Peter Rhodes on naming a toadstool, “harmless” technology and why the truth is sometimes not obvious

Why, darling, what a lovely Christmas thought. Among a host of things newly discovered by scientists is a toadstool found in Britain which the discoverer has named after his wife. I'm sure she is thrilled. Another scientist has discovered a bloom described as “the ugliest orchid in the world.” Dilemma – who do you name that after?

Olivia Colman as the Queen in The Crown
Olivia Colman as the Queen in The Crown

I wish I had Olivia Colman's confidence in the great viewing public. She says it's “obvious” to viewers that some scenes in the Netflix drama The Crown are made up, because who could know what happened between Charles and Princess Di behind closed doors? Culture Secretary Oliver Dowden says the series ought to carry a disclaimer, pointing out it is part-based on fiction. Sounds reasonable. An historical drama should be either fact or fiction, otherwise we'd have the Spanish Armada conquering England or Ethelred being ready.

The only reason The Crown has any commercial value is that it is based on real people. If it were set in the court of Pomerania with Prince Hans and Princess Boompsy-Daisy, no-one would watch it. The power of The Crown is that it blurs reality and dissects real crises by creating unreal events. It's not fact, it's not fiction and it's certainly not fair.

Mind you, when it comes to bending facts, the Windsors have form. I remember in the build-up to the Charles and Di divorce how the Palace shamelessly and repeatedly lied to the media, and thus the people, by pretending all was well and that the Royal couple were still on good terms. Later we learned they couldn't bear to share the same room. In this little spat nobody has a monopoly on the truth.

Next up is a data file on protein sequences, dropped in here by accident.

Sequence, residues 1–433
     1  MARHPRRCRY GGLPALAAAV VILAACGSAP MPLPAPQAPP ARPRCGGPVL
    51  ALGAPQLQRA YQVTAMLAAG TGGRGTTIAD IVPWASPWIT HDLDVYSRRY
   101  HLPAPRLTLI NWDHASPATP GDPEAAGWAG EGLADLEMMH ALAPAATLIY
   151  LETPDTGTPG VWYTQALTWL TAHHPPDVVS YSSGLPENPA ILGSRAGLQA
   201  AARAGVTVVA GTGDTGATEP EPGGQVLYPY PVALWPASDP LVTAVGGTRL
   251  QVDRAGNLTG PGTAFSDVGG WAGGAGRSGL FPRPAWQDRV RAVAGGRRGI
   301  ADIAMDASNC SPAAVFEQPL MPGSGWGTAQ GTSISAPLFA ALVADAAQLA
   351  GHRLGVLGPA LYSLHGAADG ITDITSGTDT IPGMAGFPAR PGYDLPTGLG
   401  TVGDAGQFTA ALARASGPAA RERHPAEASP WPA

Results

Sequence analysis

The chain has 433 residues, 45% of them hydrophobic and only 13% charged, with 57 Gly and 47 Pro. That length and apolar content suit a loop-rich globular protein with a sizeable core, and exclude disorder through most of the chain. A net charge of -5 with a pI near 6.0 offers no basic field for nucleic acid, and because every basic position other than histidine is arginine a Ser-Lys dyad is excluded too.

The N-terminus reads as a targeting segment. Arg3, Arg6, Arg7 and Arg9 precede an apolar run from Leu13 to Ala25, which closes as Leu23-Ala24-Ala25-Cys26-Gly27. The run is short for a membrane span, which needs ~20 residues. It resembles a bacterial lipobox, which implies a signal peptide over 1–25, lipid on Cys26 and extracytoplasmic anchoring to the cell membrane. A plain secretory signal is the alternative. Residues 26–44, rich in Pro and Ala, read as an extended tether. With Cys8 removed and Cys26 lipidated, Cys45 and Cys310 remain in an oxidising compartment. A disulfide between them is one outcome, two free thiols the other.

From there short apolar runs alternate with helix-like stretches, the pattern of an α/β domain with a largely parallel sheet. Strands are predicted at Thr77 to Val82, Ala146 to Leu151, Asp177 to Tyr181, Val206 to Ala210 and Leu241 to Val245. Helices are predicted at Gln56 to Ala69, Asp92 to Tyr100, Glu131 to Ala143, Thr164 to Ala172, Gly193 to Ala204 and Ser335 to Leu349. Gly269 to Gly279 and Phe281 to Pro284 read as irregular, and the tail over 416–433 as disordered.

Of course there will be a Brexit agreement. Why, only last week that darling of the Left, Polly Toynbee, declared: “There will be a deal in these last days: a lousy, rotten, flea-bitten thing, but infinitely better than nothing. “ So if there were no deal, Polly would be wrong. And that would never do.

As I reported some days ago, hydrogen fired boilers are being touted as one possible replacement for gas boilers which are to be phased out of new homes from 2025. One phrase keeps cropping up. It is that clean, green hydrogen boilers produce no emissions apart from “harmless water vapour.” I bet something similar was promised 100 years ago as petrol engines began to conquer the world. (“Emissions, squire? Maybe just a whiff of harmless smoke.”)

And while a few thousand hydrogen boilers may be harmless, how about 10, 20 or 30 million? At what stage does “harmless water vapour” begin to affect the atmosphere and our climate?

We should be wary because once a new technology takes off, there is sometimes no stopping it. A sobering statistic is that at the outbreak of the First World War in 1914 the British Army possessed 80 motor lorries. By the Armistice four years later, it had 59,490.

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